Uta stansburiana
Common Side-Blotched Lizard

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Other Names: Side-blotched Lizard
Subspecies: Eastern Side-blotched Lizard Uta stansburiana stejnegeri Males are often profusely speckled with blue on the tail and posterior body. It averages 85.1 dorsals and fewer than 8 interfemorals.
Plateau Side-blotched Lizard Uta stansburiana uniformis It lacks dorsal markings or has a uniform pattern of dark and light dots. Uniformly small body scales further distinguish it from other subspecies, which have body scales that grade from largest middorsally to smallest laterally.
Description: A small (up to 64 mm or 2.5" from snout to vent), orange-tan to gray-brown lizard. A dark blue-gray to black blotch marks each lower side of the body just behind the forelimb. Markings are variable and can include brown chevron-shaped blotches, light dorsolateral stripes, no pattern, and speckles. The lips and sides of the throat are often marked with alternating orange and gray to blue-gray stripes. The remainder of the underside is plain pale gray. Males often have bright turquoise blue speckling on the tail, back, and upper surfaces of the hind limbs. Females lack blue speckling and usually have light dorsolateral stripes. The scales on the body are small and mildly keeled. The scales on the tail are larger and more strongly keeled. The belly scales are smooth and flat and the scales on the top of the head are large and smooth.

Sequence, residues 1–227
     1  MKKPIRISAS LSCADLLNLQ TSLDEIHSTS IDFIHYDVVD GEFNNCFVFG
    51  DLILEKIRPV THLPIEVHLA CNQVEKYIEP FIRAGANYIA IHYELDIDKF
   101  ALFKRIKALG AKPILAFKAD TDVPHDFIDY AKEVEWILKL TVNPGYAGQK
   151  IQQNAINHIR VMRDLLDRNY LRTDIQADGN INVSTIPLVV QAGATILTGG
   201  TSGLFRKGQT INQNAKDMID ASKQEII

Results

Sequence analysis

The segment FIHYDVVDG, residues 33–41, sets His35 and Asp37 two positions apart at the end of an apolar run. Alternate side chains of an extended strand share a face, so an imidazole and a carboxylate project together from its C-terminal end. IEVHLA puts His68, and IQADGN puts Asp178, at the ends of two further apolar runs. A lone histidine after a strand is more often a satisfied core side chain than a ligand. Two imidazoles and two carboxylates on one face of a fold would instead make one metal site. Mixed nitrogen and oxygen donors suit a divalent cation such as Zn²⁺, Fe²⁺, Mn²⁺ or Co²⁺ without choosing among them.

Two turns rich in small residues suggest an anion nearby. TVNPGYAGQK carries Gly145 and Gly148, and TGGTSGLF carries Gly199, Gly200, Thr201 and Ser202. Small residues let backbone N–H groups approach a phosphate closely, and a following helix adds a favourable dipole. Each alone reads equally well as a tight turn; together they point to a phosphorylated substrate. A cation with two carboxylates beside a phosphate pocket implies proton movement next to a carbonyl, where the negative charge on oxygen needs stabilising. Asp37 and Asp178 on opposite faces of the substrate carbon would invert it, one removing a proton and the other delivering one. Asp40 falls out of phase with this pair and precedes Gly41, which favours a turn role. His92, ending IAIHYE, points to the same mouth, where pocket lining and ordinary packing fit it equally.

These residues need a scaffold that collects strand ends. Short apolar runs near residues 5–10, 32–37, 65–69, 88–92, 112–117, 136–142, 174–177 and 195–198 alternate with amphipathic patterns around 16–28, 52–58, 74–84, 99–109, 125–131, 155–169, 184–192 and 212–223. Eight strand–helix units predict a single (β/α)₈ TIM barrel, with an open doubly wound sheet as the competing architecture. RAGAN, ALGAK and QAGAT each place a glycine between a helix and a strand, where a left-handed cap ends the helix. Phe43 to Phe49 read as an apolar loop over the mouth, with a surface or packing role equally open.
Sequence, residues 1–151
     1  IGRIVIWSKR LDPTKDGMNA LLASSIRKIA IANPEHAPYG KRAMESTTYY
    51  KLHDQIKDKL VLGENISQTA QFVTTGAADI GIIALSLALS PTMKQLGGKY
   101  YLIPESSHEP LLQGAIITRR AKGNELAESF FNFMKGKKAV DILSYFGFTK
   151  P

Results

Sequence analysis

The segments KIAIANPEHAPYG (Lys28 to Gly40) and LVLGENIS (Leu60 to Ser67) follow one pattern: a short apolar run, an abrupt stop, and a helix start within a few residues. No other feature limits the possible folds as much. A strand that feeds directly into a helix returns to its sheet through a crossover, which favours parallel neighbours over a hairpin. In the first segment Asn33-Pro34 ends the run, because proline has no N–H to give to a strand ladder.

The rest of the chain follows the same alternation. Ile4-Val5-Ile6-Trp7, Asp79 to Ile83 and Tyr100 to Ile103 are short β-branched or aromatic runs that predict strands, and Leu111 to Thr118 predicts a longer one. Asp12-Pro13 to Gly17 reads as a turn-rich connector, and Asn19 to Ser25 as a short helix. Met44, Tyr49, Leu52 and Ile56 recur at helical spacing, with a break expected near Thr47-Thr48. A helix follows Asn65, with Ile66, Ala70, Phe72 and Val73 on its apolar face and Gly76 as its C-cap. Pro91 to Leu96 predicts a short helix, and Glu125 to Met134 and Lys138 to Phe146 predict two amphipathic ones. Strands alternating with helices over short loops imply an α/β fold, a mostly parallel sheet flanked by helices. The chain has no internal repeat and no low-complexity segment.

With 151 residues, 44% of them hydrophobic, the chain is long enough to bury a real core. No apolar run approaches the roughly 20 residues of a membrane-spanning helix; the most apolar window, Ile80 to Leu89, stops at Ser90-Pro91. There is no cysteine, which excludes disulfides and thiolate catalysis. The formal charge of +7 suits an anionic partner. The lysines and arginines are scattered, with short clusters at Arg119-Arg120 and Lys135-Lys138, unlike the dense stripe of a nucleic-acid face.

Similar Species: Its single side blotch distinguishes this lizard from our other small lizards. External ear openings further distinguish it from the similar looking Earless Lizards.
Venom: None
Habitat: The Common Side-blotched Lizard inhabits desertscrub communities, Semidesert Grassland, Interior Chaparral, and Great Basin Grassland. It can be found in a wide variety of terrain types ranging from sand dunes to rocky hillsides. It is usually encountered in relatively open, sunny areas.
Behavior: This diurnal lizard can be active at any time of the year but winter activity is usually restricted to sunny, warm days. During the summer it is most active mid morning and late afternoon. It is primarily a ground-dweller that is commonly seen around the bases of small shrubs and on the banks of rocky washes. It regularly climbs onto low rocks and fallen wood to bask. Polygynous, but often seen in male-female pairs.
Reproduction: Multiple clutches of eggs are laid in spring and summer. Clutch size ranges from 2 to 5 eggs. Hatchlings begin to emerge in June.
Diet: The Common Side-blotched Lizard is an opportunistic forager that waits for prey to wander within close proximity. It feeds on a variety of insects including grasshoppers, beetles, ants, and termites. It also eats a variety of spiders, scorpions, and occasionally some plant material.
Adapted from account on reptilesofaz.org